ISSN : 1301-5680
e-ISSN : 2149-8156
Turkish Journal of Thoracic and Cardiovascular Surgery     
Large mobile hemangioma arising from interatrial septum which mimicks mitral stenosis
Mustafa Kırman1, Kemalettin Erdem1, Hasan Mercan1, Levent Özdemir2, Burhanettin Kıranatlı2
1Department of Cardiovascular Surgery, Anakalp Heart Hospital, Kayseri, Turkey
2Department of Cardiology, Anakalp Heart Hospital, Kayseri, Turkey
DOI : 10.5606/tgkdc.dergisi.2013.5296


Cardiac hemangioma is extremely rare and accounts for 2.8% of all detected benign heart neoplasms. In this article, we described the large hemangioma originating from interatrial septum and mimicking mitral stenosis. Opposite of myxoma, cardiac hemangioma mimicking mitral stenosis has not been previously reported in the English literature. The mass which was pathologically diagnosed as cavernous hemangioma was removed surgically. The postoperative course was uneventful. No recurrence of the tumor was noted at six months after operation.

Cardiac hemangiomas are rare, benign cardiac tumors that occur at a rate of 2.8% when compared with other primary tumors of this type.[1] Their origin is uncertain, but they are thought to be either true neoplasms or hamartomas. Cardiac hemangiomas are localized in the atria, the ventricles, the ventricular septum, and the pericardium. They are also found on very rare occasions in the mitral valve. Although most hemangiomas are asymptomatic, they can present with arrhythmias, conduction disturbances, pericardial effusion, coronary insufficiency, outflow tract obstruction, or congestive heart failure. Sudden cardiac death as a result of conduction disturbances or rupture and tamponade has been reported.[2]

Diagnosis is usually made by echocardiography, computed tomography (CT), or magnetic resonance imaging (MRI). In adults, in contrast to the neonatal period and infancy, no alternative curative treatment to surgery has been reported for hemangiomas.[3] Histologically, these can be classified as cavernous, capillary, and capillary-cavernous types.[4]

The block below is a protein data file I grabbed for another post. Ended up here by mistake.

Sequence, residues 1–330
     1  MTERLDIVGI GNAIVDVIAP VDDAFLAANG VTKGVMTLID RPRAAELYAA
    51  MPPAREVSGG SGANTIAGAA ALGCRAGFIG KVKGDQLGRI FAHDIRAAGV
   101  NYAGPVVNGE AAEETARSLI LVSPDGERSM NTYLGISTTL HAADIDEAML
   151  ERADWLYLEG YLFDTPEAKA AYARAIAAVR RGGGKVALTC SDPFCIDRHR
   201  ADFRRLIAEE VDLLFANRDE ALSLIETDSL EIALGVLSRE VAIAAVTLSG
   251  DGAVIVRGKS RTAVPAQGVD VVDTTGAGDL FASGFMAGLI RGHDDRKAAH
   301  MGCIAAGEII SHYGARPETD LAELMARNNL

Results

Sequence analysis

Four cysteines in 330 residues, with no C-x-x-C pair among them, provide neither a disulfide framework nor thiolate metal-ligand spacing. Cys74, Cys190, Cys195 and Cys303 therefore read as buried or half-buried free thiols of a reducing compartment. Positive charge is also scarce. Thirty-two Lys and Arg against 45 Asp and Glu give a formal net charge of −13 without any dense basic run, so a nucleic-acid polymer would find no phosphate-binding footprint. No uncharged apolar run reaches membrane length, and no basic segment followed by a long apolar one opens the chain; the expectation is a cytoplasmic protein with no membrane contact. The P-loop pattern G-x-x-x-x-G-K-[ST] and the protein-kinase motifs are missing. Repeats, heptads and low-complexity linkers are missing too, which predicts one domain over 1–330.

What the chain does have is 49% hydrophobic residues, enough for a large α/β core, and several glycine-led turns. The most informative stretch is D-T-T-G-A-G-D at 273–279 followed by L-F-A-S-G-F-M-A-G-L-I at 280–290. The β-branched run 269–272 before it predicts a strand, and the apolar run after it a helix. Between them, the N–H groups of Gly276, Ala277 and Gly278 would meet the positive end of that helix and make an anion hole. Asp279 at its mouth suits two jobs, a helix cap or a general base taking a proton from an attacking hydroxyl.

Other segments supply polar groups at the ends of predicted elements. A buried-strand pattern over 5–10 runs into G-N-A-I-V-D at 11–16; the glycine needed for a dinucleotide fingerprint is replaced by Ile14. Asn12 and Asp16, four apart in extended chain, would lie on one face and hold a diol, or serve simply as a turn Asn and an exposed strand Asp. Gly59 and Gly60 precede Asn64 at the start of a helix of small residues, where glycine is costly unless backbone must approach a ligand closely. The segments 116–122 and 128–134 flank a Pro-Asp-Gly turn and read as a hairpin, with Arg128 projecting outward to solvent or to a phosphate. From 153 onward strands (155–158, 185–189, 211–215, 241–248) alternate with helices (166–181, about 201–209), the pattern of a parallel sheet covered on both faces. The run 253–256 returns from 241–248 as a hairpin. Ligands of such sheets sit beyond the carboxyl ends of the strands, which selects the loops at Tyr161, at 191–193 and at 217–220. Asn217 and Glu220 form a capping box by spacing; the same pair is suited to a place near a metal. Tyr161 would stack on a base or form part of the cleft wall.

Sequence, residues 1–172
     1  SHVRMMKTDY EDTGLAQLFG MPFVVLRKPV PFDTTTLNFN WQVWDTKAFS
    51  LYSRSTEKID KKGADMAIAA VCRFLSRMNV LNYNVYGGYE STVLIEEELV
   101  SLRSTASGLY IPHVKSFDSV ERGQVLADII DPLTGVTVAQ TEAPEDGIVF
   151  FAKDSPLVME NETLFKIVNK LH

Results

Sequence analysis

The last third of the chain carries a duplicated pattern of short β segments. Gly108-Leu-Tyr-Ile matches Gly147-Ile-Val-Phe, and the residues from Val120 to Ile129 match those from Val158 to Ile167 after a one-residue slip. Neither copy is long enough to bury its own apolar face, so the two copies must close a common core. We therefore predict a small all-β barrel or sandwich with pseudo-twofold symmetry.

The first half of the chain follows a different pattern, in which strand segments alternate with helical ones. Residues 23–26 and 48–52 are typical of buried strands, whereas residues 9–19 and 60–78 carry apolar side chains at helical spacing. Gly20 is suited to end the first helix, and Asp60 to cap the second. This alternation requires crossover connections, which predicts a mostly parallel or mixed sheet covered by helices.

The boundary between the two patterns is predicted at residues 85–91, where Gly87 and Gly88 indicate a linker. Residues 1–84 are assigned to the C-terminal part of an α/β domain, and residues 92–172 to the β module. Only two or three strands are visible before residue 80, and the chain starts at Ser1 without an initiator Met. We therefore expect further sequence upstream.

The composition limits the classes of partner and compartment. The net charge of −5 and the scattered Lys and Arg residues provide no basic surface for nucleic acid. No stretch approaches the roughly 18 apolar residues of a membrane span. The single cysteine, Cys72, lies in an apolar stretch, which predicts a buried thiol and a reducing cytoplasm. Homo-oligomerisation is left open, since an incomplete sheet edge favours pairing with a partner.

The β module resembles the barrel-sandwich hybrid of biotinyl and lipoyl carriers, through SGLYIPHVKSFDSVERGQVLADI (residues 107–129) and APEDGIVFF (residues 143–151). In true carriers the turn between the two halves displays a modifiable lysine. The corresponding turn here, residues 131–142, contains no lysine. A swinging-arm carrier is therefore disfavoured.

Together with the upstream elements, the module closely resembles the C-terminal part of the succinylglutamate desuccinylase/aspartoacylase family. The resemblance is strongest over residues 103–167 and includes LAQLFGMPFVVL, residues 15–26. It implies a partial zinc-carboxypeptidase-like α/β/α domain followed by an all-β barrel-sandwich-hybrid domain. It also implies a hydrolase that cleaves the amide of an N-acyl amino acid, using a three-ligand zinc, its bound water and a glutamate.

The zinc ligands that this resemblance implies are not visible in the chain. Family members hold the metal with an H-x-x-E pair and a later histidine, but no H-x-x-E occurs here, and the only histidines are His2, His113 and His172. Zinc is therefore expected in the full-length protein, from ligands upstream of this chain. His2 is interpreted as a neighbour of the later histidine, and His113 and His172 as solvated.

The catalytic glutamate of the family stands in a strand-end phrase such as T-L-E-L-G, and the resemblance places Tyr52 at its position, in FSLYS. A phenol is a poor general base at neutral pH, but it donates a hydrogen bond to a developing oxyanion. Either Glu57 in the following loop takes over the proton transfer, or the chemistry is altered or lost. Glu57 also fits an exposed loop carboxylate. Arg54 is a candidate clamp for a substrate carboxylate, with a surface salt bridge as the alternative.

To our knowledge, this is first case of a hemangioma originating from the interatrial septum which caused mitral valve stenosis. In this article, we report the case of a female with an intracavitary left atrial hemangioma mimicking mitral stenosis that was detected via transthoracic echocardiography (TTE) and confirmed by surgery and histology.

Case Presentation

A 56-year-old female was hospitalized due to shortness of breath with palpitations on exertion New York Heart Association (NYHA) class III experienced over a one-month period. The patient’s past medical history revealed no chronic illnesses, and her general appearance was normal. Auscultation of the heart revealed 2/4 diastolic rulman at the apex. The patient’s blood pressure was 105/73 mmHg, and the pulse was 90/min and regular. No apparent abnormalities were found via electrocardiography or chest X-ray, and the laboratory test results were within the normal range. Transthoracic echocardiography showed a large (5.27x3.8 cm), mobile, spherical, well-defined, encapsulated dense mass with a homogenous echo arising from the interatrial septum, which was later revealed to be a smooth oval nodule with a pedicle that was attached to the interatrial septum. This mass protruded into the left ventricle and caused both incompetence and relative narrowing in the mitral valve during left ventricular diastole (Figure 1a). A 30 mmHg peak gradient along with a 15 mmHg mean gradient were present over the mitral valve. No mass was detected in any other cardiac chambers. Cardiac catheterization showed normal coronary and feeding blood vessels extending from the right coronary artery (RCA) toward the tumor, which had the characteristic sign of tumor blush that is common in hemangiomas.